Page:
Turkey Holidays: Turkey remains one of the most ideal destinations to visit, especially if you are from the UK. Many Brits have become accustomed to the offerings of this welcoming country so many plan for repeat visits whenever their schedules allow them. The biggest hindering factor is usually money. One of the beautiful small resort in Turkey is Hisaronu.
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Landscape and topography:
Turkey is a country with an area of 779,452sq km (300,948sq miles), six times that of Greece, yet with half the number of people per square kilometre. The population is estimated at around 75 million. The Anatolian peninsula has strongly defined geographical limits: the Karadeniz (Black Sea) to the north; the Aegean in the west and the Mediterranean in the south; and the high mountain ranges that culminate in Buyukagri Dagi (Mount Ararat) at5,165m (16,946ft), to the east. The 5 per cent that lies west of the (Canakkale Bogazi (Dardanelles) is flatter, geographically a part of Europe, ! and contains the cities of Istanbul and Edirne. Its limit is defined by an artificial border whose exact position has varied considerably according to the politics of the day.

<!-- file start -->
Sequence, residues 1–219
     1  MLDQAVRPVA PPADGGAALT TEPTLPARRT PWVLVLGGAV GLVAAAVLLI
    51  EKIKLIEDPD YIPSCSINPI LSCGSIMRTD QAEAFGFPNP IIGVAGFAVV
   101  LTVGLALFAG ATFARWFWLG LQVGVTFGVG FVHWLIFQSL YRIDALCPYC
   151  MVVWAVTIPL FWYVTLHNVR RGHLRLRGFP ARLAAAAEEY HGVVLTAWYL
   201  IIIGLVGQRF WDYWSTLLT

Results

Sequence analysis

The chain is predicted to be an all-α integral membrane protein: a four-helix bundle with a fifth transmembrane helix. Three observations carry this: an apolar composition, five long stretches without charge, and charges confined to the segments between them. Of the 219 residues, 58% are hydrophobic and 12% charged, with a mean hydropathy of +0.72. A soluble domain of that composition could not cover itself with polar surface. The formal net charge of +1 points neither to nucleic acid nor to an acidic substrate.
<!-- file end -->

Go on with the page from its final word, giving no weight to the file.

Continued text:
The main land mass consists of the bleak steppe lands of the central Anatolian Plateau, set at 1,000m (3,300ft), ringed by the verdant Pontic mountains to the north and the Toros (Taurus) to the south. These ranges run east to west and join up with the vast, inhospitable mountainous region in the east that borders Iran and Iraq. Volcanoes and earthquakes: There are several large volcanoes in Turkey besides Mount Ararat, the highest, but none is thought to be still active. Fault lines do still have movement, and earthquakes in the north and west of Turkey have been common throughout history and continue to strike every ten years or so, the last being in 2007. Both the bogazici (Bosporus) and the Dardanelles owe their existence to of the shifting fault lines, and the whole of the black Sea was created as a result of subsidence along a series of fissures